Concerned by Asagi’s avoidance of her since Sho’s confession, Hitomi follows Asagi and basically asks her if they can still be friends. Asagi, who had been operating mostly on reflex, is relieved that Hitomi reached out, and shares her feelings with her over parfaits.
Sho remains completely oblivious.
Shortly afterwards, Kohaku convinces Hitomi to try to replicate the magic that allowed her to enter Aoi’s picture at the dress-up photo-shoot. Once the pair reach the limits of training with paper airplanes, they invite the club into a picture that Aoi has been preparing in parallel for this purpose. While most of the club explores apart from each other, the golden fish appears again – this time bringing Aoi into Hitomi’s mindscape, where he discovers her trauma.
This episode features two scenes containing enough drama to move the characters in them to tears. They’re well-done, and only serve to solidify the recommendation to watch this show if you’re into that sort of thing. Instead of talking about those things in detail, however (because I am an emotionally stunted nerd), it’s time to go off on a tangent. Who wants to learn about colors?
Much as Levar Burton once urged the viewers of Reading Rainbow to experience books firsthand, I encourage our readers to not take my word for the following rainbow-related trivia (though I’m sure some of you have come across this before): Ao in Japanese does not correlate directly with the color that Americans think of as primary-color blue. It’s much closer to the sky-blue sea-foam kinda color visible in the top-most paper airplane in the above shot. This produces an interesting quirk regarding our two cultures and Newton’s theory of the visible spectrum (bear with me).
As a reminder, Newton interpreted the color spectrum as analogous to a musical octave, and, as such, he assigned names to seven colors seen in the band produced by white light refracted through a prism. Unless something has changed dramatically since I was a lad, all schoolchildren are still told at some point in their youth that a rainbow has these same seven stripes: red, orange, yellow, green, blue, indigo, and violet. Six of these colors serve as the two basic tiers of RYB color theory, with indigo being left out – however (see Wikipedia), some commentators on Newton’s work believe that what he meant by blue at the time would be classified as cyan today, with indigo being the closer analogue to modern blue.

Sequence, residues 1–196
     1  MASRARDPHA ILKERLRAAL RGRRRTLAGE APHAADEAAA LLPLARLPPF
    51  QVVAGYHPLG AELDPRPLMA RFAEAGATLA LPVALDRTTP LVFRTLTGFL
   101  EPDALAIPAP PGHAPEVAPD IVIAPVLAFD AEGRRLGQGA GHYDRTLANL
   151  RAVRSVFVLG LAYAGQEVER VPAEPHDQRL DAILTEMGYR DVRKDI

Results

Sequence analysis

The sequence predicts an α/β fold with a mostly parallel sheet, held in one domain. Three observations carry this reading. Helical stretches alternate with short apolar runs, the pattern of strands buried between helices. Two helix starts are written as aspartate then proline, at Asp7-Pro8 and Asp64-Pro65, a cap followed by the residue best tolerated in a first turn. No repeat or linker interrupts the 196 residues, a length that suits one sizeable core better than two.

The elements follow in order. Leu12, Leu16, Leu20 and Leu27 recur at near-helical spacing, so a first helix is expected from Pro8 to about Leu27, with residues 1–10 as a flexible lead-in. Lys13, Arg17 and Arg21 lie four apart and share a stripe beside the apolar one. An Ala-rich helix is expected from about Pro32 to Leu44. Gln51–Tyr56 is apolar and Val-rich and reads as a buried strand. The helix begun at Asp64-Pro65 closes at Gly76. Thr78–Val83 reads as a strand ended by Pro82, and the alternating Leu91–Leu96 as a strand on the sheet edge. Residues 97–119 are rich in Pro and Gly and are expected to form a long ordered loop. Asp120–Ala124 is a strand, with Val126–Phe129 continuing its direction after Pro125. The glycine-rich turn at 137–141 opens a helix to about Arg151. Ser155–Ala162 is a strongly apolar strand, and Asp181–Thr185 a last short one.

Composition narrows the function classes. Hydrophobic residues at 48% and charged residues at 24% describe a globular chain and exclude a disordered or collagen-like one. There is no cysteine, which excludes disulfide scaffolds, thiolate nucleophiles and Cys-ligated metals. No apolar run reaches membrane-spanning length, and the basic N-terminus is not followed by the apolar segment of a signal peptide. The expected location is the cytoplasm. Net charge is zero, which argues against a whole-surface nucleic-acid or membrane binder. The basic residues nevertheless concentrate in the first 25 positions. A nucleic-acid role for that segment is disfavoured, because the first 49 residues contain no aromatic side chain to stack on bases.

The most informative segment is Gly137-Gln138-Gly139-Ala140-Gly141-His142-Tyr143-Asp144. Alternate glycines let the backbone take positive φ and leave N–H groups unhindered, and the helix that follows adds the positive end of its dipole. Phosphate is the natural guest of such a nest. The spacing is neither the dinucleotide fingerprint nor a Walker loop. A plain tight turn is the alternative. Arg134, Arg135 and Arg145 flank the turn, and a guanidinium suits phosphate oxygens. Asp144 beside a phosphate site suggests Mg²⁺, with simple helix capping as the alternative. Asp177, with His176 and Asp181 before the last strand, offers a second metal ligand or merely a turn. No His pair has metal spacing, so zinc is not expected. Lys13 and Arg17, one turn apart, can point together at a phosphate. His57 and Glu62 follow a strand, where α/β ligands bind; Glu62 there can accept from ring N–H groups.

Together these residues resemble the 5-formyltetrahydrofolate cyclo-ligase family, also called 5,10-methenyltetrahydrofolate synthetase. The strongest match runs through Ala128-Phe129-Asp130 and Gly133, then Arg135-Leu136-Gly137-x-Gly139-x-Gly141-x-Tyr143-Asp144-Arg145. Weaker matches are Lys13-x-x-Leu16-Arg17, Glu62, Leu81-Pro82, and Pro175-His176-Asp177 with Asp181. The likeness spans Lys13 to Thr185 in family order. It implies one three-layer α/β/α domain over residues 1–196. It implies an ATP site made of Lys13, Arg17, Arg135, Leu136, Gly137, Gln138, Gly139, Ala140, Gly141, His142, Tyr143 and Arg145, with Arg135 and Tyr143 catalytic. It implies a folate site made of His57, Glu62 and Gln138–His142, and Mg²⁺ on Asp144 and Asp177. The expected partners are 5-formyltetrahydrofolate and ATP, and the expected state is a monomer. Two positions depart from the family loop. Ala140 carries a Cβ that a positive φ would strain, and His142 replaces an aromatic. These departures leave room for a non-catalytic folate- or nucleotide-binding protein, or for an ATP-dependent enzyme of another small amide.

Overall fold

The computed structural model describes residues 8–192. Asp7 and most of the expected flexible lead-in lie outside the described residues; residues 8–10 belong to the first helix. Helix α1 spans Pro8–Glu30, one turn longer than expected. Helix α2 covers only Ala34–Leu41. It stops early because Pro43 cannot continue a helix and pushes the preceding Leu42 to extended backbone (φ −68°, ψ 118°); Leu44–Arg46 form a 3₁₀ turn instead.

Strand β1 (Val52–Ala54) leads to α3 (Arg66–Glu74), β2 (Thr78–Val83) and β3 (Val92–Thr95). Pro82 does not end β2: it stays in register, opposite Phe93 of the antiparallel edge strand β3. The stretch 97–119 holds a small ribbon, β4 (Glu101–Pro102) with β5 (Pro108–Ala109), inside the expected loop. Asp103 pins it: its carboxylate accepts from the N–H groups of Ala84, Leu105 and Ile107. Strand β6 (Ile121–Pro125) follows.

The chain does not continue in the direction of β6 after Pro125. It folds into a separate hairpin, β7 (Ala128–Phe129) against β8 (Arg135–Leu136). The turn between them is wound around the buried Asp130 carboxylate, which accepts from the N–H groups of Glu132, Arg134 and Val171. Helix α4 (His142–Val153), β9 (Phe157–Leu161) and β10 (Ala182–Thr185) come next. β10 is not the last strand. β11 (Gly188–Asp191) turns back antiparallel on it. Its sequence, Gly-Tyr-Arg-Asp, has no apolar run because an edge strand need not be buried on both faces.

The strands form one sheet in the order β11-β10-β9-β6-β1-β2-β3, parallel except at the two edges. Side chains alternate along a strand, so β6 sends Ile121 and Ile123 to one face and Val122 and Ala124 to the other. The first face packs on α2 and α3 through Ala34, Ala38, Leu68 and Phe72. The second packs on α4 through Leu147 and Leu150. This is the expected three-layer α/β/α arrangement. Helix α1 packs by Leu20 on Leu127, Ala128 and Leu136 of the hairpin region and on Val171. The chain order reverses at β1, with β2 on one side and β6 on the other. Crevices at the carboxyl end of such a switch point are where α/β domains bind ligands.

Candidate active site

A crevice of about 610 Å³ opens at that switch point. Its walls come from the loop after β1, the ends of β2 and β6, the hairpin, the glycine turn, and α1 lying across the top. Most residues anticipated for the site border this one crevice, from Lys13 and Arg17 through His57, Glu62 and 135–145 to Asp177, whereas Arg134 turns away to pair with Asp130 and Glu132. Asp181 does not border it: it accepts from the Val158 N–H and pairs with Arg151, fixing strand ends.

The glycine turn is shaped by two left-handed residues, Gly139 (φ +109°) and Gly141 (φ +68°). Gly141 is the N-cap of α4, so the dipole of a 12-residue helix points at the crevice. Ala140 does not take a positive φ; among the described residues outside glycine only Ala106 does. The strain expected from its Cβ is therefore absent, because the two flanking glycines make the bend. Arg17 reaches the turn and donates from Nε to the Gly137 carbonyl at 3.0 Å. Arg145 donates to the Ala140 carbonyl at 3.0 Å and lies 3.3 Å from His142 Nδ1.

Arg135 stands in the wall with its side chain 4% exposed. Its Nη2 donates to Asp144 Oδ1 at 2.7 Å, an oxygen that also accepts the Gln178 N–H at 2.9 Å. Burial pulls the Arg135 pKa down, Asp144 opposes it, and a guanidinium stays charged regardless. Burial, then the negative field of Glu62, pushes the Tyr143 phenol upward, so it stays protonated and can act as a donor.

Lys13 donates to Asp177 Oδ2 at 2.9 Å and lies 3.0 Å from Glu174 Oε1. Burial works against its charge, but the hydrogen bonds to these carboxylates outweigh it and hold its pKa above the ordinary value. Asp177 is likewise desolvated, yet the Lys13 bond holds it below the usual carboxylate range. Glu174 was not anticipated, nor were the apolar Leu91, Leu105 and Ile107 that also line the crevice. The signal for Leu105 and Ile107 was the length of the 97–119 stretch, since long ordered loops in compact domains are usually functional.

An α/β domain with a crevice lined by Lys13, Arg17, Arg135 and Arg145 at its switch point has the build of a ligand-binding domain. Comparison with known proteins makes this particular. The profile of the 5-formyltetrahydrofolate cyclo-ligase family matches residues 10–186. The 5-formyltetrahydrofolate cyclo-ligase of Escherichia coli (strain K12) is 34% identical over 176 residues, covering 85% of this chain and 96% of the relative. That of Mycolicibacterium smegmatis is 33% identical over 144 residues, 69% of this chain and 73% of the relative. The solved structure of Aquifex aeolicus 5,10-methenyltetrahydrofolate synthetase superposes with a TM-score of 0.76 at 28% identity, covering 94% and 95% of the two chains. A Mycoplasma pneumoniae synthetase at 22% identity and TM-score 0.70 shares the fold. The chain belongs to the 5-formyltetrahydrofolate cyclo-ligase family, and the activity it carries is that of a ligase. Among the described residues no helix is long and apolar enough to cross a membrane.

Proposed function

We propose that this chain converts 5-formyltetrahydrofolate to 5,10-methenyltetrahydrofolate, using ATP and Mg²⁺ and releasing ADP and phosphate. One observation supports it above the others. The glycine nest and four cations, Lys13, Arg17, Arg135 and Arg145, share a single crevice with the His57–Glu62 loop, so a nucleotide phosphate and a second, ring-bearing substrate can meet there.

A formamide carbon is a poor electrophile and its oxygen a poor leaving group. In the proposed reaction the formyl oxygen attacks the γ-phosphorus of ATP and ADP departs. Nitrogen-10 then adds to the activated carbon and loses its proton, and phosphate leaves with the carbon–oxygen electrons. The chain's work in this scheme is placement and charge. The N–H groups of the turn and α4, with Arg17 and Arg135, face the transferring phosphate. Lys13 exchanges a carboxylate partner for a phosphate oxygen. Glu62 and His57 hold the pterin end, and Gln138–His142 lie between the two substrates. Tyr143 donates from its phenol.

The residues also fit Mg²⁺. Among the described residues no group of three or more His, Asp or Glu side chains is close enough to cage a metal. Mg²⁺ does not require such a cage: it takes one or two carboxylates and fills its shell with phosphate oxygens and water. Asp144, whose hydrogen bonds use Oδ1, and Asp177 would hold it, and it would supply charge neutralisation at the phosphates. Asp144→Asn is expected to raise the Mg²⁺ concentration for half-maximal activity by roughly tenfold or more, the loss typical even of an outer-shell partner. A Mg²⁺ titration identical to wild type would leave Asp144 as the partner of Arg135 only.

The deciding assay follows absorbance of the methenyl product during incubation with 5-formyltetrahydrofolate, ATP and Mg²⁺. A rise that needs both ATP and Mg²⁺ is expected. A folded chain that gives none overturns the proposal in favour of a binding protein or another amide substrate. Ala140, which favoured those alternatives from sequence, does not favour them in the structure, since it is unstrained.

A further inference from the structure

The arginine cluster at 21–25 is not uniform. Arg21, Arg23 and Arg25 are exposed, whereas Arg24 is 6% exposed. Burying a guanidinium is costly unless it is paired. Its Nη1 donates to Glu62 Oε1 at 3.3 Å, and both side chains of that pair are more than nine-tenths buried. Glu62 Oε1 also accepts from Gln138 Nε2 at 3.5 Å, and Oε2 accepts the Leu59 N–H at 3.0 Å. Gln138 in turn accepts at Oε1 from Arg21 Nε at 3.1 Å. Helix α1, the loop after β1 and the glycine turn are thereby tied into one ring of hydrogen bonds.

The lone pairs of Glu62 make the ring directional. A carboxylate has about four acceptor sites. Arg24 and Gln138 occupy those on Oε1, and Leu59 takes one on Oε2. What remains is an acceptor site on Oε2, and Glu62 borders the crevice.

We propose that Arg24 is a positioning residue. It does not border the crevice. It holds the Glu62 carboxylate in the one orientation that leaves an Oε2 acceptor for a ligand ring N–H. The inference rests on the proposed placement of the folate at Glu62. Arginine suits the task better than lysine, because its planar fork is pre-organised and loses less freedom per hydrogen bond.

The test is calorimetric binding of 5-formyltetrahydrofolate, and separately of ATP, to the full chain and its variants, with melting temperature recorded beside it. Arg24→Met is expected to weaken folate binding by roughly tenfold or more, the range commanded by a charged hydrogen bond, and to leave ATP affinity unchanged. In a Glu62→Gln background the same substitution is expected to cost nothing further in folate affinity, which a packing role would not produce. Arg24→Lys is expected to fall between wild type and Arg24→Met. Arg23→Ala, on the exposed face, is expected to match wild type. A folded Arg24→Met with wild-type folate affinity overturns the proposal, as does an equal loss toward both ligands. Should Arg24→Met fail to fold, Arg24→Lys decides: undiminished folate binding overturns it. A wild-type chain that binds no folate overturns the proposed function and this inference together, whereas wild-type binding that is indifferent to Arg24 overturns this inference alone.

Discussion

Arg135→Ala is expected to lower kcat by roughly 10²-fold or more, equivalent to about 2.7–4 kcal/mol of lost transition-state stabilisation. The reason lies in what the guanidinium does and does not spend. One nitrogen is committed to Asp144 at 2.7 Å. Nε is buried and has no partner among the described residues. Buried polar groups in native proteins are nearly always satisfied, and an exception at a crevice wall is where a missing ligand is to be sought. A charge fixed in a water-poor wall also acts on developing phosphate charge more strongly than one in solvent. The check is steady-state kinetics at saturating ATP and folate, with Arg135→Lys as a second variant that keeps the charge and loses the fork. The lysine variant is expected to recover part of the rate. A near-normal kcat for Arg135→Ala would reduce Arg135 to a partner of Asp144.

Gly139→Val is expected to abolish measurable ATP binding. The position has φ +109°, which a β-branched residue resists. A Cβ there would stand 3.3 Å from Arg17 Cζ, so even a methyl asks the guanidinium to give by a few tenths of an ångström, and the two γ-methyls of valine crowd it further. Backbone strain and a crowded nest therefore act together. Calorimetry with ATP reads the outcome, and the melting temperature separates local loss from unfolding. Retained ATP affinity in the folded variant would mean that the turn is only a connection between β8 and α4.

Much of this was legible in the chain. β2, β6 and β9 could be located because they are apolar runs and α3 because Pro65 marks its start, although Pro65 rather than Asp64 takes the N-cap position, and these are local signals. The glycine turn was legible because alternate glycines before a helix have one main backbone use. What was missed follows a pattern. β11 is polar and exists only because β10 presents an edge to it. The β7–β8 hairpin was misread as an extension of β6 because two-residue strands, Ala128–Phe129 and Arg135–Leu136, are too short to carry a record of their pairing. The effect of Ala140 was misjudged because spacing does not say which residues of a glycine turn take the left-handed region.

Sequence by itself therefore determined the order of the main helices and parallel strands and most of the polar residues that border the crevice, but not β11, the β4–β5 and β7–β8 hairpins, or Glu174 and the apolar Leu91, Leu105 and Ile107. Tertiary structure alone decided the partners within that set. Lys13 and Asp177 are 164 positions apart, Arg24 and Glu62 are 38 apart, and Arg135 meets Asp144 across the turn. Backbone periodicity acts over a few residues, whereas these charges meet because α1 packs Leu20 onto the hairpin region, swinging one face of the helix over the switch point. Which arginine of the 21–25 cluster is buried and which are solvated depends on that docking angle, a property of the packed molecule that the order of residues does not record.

At one point in 2009’s GA: Geijutsuka Art Design Class, one of the characters lists the colors of the rainbow as aka (赤), daidai (橙), ki (黄), midori (緑), ao (青), ai (藍), & murasaki (紫) while holding open an art textbook. I find daidai to be interesting in that it takes its name from a medicinal, and—indeed—orange-colored citrus fruit cultivated in the region (Wikipedia again – might’ve been the closest thing they had at hand when Newton’s Optics was translated into Japanese), while ai is simply the local word for the indigo plant, which was already a thing. A six-color graphic further on down the page reveals that ai gets the same short shrift as indigo does here, except that Japanese didn’t evolve to use ao to refer the to color of the dye like English did with blue.
This is all a really roundabout way of noting that the color of moonlight – which is written the same way as Hitomi’s & Kohaku’s surname Tsukishiro (月白), but read as geppaku (for some reason) – is very similar to the lightest practical shade of Japanese indigo, aijiro – written as indigo-white (藍白). This region of color, is, naturally, the same area as Hitomi’s hair and the seventh paper airplane/umbrella. The aijiro connection may not be intentional, but the moonlight one certainly is.
Also, I guarantee that at least one of everyone else’s names are color puns, with Aoi only being the most obvious (according to here, Kurumi = walnut, Kohaku = amber, Asagi = light yellow, Yamabuki = gold yellow, and Chigusa = a kind of teal called Thousand-Herb), and I can’t even begin to wrap my own head around the significance of how Hitomi’s given name is written (瞳美).
Other fun moments are Aoi’s use of Not-National-Geographic as artistic reference, and the brief shot from Hitomi’s perspective inside the picture where everything from the real world (which is to say, her classmates and their uniforms) still register as gray-scale to her even though the environment is fully colored.
I’m eager to hear more details about Hitomi’s early childhood to get a better gauge on the level on contrivance going on, but, otherwise, color me impressed.